Trinity College begins free online course on Easter Rising

14-week explainer series offered by university on its YouTube and iTunes channels

Week 1, Lecture 1: Ireland in Rebellion An Introduction. Photograph: Trinity College Dublin/YouTube

Week 1, Lecture 1: Ireland in Rebellion An Introduction. Photograph: Trinity College Dublin/YouTube

 

Trinity College Dublin (TCD) has begun a free online history course to explain the Easter Rising and its origins.

The 14 week course, which is available on YouTube and iTunes, is aimed at both the general public and second-level teachers and students.

It is hosted by Prof Patrick Geoghegan and involves experts within the college on the various strands of Irish history.

The first week features a lecture on the 1641 rebellion, a largely-forgotten event which soured relations between Catholics and Protestants in Ireland for centuries.

Other videos released this week include one on the significance of the Proclamation, the influence of Trinity College Dublin graduate Edmund Burke and TCD’s role in the Easter Rising.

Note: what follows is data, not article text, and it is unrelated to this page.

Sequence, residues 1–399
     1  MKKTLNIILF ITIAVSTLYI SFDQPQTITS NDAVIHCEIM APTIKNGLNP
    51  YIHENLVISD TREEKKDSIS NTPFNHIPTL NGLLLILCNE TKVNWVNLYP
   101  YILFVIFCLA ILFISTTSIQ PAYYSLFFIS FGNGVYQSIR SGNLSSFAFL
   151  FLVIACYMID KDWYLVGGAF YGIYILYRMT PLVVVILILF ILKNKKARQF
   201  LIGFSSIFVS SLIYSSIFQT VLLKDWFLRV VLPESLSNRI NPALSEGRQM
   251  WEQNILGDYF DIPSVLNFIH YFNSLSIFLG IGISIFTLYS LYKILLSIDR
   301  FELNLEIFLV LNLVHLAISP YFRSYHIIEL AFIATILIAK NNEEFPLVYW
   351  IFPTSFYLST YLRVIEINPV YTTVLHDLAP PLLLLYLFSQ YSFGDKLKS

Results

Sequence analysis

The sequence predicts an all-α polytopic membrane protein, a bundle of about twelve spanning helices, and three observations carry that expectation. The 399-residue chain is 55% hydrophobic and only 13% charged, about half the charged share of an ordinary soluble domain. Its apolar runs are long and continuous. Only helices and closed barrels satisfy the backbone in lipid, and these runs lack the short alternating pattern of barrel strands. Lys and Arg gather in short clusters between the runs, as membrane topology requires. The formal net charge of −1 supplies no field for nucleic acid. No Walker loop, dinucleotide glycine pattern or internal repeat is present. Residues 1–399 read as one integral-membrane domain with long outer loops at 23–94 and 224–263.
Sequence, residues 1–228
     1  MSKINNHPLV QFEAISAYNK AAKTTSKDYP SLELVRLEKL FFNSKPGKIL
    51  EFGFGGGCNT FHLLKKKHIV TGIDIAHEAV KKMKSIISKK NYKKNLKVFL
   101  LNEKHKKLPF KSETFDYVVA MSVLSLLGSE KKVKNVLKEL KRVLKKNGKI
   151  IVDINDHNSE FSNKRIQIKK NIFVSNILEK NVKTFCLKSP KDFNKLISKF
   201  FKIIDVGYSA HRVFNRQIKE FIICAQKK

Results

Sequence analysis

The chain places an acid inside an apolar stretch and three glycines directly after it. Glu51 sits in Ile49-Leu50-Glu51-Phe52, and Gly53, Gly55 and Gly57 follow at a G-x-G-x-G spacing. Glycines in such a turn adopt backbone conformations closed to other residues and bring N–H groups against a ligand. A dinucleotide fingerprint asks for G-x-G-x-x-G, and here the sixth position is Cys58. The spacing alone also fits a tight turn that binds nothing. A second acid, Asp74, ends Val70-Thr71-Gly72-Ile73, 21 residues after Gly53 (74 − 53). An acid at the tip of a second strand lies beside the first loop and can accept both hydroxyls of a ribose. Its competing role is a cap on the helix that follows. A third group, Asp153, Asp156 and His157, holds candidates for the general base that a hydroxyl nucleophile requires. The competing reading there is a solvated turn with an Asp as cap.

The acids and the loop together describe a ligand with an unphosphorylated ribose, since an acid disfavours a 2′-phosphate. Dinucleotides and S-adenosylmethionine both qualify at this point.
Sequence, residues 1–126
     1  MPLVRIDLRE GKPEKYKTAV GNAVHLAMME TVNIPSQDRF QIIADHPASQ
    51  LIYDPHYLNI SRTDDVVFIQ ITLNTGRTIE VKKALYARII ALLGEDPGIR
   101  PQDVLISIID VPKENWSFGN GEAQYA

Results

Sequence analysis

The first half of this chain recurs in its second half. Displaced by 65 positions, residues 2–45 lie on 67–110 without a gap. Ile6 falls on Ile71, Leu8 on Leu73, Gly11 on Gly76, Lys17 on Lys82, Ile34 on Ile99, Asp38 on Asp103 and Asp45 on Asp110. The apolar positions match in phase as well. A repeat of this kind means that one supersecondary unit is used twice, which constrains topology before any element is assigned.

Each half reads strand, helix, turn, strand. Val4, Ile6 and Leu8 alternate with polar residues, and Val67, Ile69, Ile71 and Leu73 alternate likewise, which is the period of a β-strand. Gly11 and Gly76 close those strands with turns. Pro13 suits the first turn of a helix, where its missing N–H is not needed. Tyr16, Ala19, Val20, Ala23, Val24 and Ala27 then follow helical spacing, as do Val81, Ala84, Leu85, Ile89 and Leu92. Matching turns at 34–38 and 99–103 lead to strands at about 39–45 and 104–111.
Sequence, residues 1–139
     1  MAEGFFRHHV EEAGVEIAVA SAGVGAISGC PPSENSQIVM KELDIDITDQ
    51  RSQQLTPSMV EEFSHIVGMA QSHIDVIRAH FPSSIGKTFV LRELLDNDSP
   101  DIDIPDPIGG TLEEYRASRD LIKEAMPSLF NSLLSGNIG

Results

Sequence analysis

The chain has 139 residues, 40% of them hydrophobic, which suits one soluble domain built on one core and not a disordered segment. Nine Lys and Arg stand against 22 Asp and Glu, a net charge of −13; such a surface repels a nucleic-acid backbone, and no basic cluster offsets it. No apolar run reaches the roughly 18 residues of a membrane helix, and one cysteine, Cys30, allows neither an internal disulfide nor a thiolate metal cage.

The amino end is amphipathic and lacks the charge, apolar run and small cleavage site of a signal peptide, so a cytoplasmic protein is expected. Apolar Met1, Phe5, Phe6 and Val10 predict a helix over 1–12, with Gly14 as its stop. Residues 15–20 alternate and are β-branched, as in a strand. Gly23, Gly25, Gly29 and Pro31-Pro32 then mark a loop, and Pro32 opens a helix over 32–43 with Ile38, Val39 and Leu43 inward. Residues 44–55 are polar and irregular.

Each week will feature a different theme around Ireland’s struggle for independence.

“This course explores those debates, but also situates them within the wider context of the development of Irish republicanism, as well as the constitutional nationalist tradition which was often in conflict with the forces of radicalism and violence,” said course lecturer Prof Geoghegan of the School of Histories and Humanities.

The course will focus not only on the revolutionary tradition of Irish nationalism, but also constitutional nationalism.

Those featured include Wolfe Tone, Robert Emmet and the Fenians on the revolutionary side and Henry Grattan, Daniel O’Connell and Charles Stewart Parnell on the constitutional nationalist side.

It also covers the events immediately after the 1916 Rising, including the War of Independence and Civil War.

Next week’s lectures will be about the late 18th century revolutions in the United States and France which influenced Ireland. This will be followed by the Irish Act of Union in 1800 and then by Robert Emmet and the rebellion of 1803.

The lectures will be released in chronological order with the last three featuring the 1916 Rising and the War of Independence.

Prof Geoghegan said all lectures will be present on the site at the same time so interested parties can dip in and out of individual lectures as they see fit.